31.10.2017 Author: Valery Kulikov

What Role Women Play in ISIS Activities

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Women who adhere to unconventional, radical misinterpretations of Islam are a relatively new phenomenon in the Muslim world. A couple of years ago women would subject themselves to destructive religious views in hopes of avenging their loved ones, but now a new trend is emerging– women who create their own radical groups. In 2014, a few months after the occupation of the Syrian city of Raqqa by the Islamic State (ISIS), it created a special women’s brigade called Al-Khansaa. The brigade, named after the famous ancient Arab poetess, would fulfill a handful of various missions – among them it would patrol the streets of the city to ensure that women conformed to ISIS rules and regulations, while solving all sorts of public relations matters.

As the latest research shows, women make up about 10% of the total number of foreigners that enlist in various militant groups. Upon entering a group they participate in all sorts of propaganda activities, including those across online social networks. An analysis of 40,000 accounts on social networks supporting the actions of ISIS revealed that 16,000 of them belong to women. Thus, these days women play a much more important role in the activities of various terrorist and extremist organizations than was previously believed.

It’s no wonder then that ISIS has been pushing in the media the ideas of sisterly solidarity and camaraderie that exists within its ranks. They create support groups, where women exchange recipes, communicate and instruct new members.

As noted by The Strategist, today ever increasing evidence points to the fact that with each year the number of women willing to commit terrorist attacks on behalf of terrorist organizations steadily grows. At the same time, the very phenomenon of female terrorism is not new. Among the militants of the Basque separatist group ETA there were many female members. Female suicide bombers were used by Palestinians and Chechens, as, for example, during the Moscow theater hostage crisis of 2002.

In 2016, a French group of radical women who adhered to radical views would plan to launch a terrorist attack near the Notre Dame Cathedral. In the very same year Kenyan police officers were forced to shoot three women dead as they attacked a police station in Mombasa armed with knives.

In August 2017 in the UK, three women who planned to perform knife attacks at Westminster were charged with involvement in a “terrorist plot”. A month later during the operation aimed at liberating the Iraqi city of Mosul, a total of 38 female suicide bombers would swarm the positions of Iraqi troops.

In the absolute majority of Muslim countries the situation hasn’t reached a critical point, since the number of women who profess radical views remains relatively small, and experts are convinced that respective governments are taking all possible measures to prevent women from becoming targets of radicalization. However, most experts argue that the root of the phenomenon lies in Muslim society and the place that a woman occupies in it. Most often, an unmarried woman that has failed in finding its place within a society is more susceptible to radical ideas. Moreover, it’s easier to transform a woman into a suicide bomber since she is more prone to suicide.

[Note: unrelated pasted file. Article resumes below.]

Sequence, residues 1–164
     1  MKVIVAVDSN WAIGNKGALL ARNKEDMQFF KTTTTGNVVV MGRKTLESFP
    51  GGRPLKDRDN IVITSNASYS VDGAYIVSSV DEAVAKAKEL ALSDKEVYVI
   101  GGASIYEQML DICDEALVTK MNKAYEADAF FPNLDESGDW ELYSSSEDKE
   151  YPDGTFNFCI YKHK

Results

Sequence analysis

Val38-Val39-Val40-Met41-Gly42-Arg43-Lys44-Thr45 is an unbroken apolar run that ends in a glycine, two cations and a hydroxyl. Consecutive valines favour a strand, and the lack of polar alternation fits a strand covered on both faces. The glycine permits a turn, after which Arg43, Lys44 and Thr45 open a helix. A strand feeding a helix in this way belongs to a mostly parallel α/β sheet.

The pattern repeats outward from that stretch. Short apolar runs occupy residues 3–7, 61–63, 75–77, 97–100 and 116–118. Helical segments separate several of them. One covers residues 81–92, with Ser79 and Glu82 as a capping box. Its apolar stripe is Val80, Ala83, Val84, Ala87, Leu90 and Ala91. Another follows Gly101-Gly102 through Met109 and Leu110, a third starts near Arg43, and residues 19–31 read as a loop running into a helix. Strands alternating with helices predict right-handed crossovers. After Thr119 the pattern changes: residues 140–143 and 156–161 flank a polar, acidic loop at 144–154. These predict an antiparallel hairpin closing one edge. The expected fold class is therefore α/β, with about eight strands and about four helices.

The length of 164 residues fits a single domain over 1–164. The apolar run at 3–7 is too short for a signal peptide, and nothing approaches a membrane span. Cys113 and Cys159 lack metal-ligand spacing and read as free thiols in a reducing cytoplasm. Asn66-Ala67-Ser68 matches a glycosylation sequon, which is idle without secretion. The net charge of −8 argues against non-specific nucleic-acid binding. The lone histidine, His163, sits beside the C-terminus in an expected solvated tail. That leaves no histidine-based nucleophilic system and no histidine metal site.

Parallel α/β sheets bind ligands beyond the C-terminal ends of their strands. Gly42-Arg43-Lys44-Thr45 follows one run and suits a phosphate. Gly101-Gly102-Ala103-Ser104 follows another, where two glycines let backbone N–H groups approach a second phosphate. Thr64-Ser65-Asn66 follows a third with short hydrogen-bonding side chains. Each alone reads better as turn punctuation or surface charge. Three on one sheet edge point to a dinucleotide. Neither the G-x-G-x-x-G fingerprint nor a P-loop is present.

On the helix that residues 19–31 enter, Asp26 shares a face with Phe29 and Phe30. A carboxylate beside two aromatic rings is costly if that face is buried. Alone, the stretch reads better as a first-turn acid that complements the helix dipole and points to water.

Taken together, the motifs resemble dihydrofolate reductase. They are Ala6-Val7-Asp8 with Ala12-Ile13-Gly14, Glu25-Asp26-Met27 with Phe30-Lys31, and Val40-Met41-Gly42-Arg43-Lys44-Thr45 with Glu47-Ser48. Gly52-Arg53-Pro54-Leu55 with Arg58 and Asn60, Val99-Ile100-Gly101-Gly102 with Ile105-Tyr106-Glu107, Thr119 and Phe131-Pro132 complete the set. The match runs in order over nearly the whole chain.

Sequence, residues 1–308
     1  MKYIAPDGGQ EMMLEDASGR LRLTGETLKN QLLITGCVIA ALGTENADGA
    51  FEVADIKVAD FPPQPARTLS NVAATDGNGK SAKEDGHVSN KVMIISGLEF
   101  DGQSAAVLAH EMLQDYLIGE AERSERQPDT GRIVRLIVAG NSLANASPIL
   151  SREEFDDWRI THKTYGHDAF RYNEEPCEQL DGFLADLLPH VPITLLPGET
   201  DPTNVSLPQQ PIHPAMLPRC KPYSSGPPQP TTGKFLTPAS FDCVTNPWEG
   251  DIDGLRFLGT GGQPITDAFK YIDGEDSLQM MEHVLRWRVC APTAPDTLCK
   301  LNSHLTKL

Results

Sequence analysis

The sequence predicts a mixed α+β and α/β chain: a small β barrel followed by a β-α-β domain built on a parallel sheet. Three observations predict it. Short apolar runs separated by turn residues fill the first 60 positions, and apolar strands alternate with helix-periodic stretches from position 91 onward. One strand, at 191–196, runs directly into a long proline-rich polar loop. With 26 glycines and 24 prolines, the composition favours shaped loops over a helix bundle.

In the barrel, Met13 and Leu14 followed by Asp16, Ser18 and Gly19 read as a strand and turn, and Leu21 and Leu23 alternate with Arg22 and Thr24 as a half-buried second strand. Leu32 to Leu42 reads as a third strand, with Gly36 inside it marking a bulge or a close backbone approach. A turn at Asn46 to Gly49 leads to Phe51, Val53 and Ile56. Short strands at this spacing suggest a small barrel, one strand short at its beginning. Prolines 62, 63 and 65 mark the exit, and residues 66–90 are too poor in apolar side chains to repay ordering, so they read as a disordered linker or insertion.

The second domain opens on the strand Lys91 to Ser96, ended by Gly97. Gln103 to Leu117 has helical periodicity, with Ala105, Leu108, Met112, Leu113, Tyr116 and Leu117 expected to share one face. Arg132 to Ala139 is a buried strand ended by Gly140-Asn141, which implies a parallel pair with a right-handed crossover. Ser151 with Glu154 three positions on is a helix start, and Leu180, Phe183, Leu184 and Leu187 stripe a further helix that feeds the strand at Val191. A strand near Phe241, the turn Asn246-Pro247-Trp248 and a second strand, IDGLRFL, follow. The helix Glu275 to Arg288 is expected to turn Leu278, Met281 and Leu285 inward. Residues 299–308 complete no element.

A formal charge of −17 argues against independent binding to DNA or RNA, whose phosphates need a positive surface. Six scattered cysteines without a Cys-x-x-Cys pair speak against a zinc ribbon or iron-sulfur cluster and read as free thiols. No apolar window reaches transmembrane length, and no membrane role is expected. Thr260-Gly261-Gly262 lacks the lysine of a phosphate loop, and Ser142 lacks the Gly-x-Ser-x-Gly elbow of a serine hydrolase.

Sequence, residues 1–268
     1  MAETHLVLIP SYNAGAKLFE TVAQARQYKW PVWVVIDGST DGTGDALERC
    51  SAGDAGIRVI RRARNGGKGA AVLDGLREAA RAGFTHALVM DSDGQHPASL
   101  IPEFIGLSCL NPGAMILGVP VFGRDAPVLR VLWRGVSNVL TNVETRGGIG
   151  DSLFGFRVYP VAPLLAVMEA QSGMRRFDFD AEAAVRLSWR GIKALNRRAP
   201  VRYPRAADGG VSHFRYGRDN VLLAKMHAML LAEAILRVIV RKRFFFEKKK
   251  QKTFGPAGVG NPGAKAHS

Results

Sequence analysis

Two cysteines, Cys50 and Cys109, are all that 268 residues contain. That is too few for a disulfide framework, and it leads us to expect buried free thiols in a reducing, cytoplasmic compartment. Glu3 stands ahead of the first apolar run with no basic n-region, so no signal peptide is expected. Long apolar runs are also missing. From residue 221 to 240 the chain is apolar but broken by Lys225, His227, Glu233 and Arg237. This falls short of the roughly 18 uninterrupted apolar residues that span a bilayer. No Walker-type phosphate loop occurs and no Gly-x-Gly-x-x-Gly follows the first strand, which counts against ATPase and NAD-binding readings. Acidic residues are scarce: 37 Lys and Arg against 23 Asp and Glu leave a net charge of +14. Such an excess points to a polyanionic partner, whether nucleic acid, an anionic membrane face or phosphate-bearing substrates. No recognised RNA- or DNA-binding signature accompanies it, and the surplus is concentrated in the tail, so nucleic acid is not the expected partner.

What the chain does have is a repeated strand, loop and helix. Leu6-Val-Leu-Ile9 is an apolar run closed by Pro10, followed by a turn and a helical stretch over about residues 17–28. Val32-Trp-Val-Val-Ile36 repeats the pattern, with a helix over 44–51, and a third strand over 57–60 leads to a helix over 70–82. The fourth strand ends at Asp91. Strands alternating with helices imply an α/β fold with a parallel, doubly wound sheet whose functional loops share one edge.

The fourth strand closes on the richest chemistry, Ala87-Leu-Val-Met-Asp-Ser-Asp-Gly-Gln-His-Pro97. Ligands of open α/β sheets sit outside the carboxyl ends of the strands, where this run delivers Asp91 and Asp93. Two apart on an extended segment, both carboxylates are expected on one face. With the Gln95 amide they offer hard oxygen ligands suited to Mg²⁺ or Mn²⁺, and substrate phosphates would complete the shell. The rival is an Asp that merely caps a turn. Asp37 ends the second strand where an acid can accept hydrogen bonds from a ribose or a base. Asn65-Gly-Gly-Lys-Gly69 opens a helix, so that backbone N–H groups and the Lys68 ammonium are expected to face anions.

However, in addition to fulfilling the role of suicide bombers, women play a pivotal role in spreading ISIS propaganda, although the ideology of this group gives females a minimal set of freedom and rights. The analysis of media activities of ISIS shows that, in spite of the dominant role that men play within this terrorist group, women create more reliable connections with other group members, which can allow a number of terrorist cells survive in dire situations, notes Science Advances.

The conclusion that radical ideas show high survivability largely due the role that women play in spreading extremist ideas has been made by experts after a study of how various propaganda videos, including decapitation scenes, were distributed across the Internet. At the same time, it was noted that the supporters of the so-called caliphate exist mainly on Facebook clones platforms, where content is not being reviewed so regularly which allows the footage of violent executions to remain on-line for larger time spans. It is women who are engaged in the dissemination of such information and the establishment of links between the group members and the social network users who are sympathetic with ISIS. So it’s safe to conclude that women play a pivotal role in spreading ISIS propaganda, searching for neophytes and sympathizers, and in restoring ties between members of a terrorist cell after its closure.

Basically, those women who have not found their place in life are more likely to join the ranks of a terrorist group. When a woman is offended, her personality and inner self are infringed which makes her prepared to go to extremes in order to satisfy her ego even if it may result in her death.

When radicals approach such an individual, they tell her that she is smart, beautiful, and has a handful of good qualities which shows her value. The mistake of our society is that we do not know how to approach people positively, leaving them both isolated and vulnerable to such predation.

For ISIS organizers, female recruiters serve as bait for male recruits, but are particularly valuable as mothers who will give birth to a new generation of militants brought up with the ideas of violent terrorism.

Valeriy Kulikov, expert politologist, exclusively for the online magazine “New Eastern Outlook.” 


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